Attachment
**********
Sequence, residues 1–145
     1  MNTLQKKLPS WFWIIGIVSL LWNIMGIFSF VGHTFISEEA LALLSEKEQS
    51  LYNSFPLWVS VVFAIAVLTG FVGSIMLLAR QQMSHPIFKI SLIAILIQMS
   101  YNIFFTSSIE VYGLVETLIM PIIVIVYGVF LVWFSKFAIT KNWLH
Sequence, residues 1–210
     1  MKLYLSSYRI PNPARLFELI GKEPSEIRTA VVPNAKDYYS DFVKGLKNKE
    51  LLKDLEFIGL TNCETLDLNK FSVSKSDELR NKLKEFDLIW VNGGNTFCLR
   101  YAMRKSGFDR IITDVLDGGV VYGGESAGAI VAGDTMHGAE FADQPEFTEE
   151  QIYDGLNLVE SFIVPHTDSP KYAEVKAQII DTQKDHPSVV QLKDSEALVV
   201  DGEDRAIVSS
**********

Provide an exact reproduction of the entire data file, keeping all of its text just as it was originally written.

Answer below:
Sequence, residues 1–145
     1  MNTLQKKLPS WFWIIGIVSL LWNIMGIFSF VGHTFISEEA LALLSEKEQS
    51  LYNSFPLWVS VVFAIAVLTG FVGSIMLLAR QQMSHPIFKI SLIAILIQMS
   101  YNIFFTSSIE VYGLVETLIM PIIVIVYGVF LVWFSKFAIT KNWLH
Sequence, residues 1–210
     1  MKLYLSSYRI PNPARLFELI GKEPSEIRTA VVPNAKDYYS DFVKGLKNKE
    51  LLKDLEFIGL TNCETLDLNK FSVSKSDELR NKLKEFDLIW VNGGNTFCLR
   101  YAMRKSGFDR IITDVLDGGV VYGGESAGAI VAGDTMHGAE FADQPEFTEE
   151  QIYDGLNLVE SFIVPHTDSP KYAEVKAQII DTQKDHPSVV QLKDSEALVV
   201  DGEDRAIVSS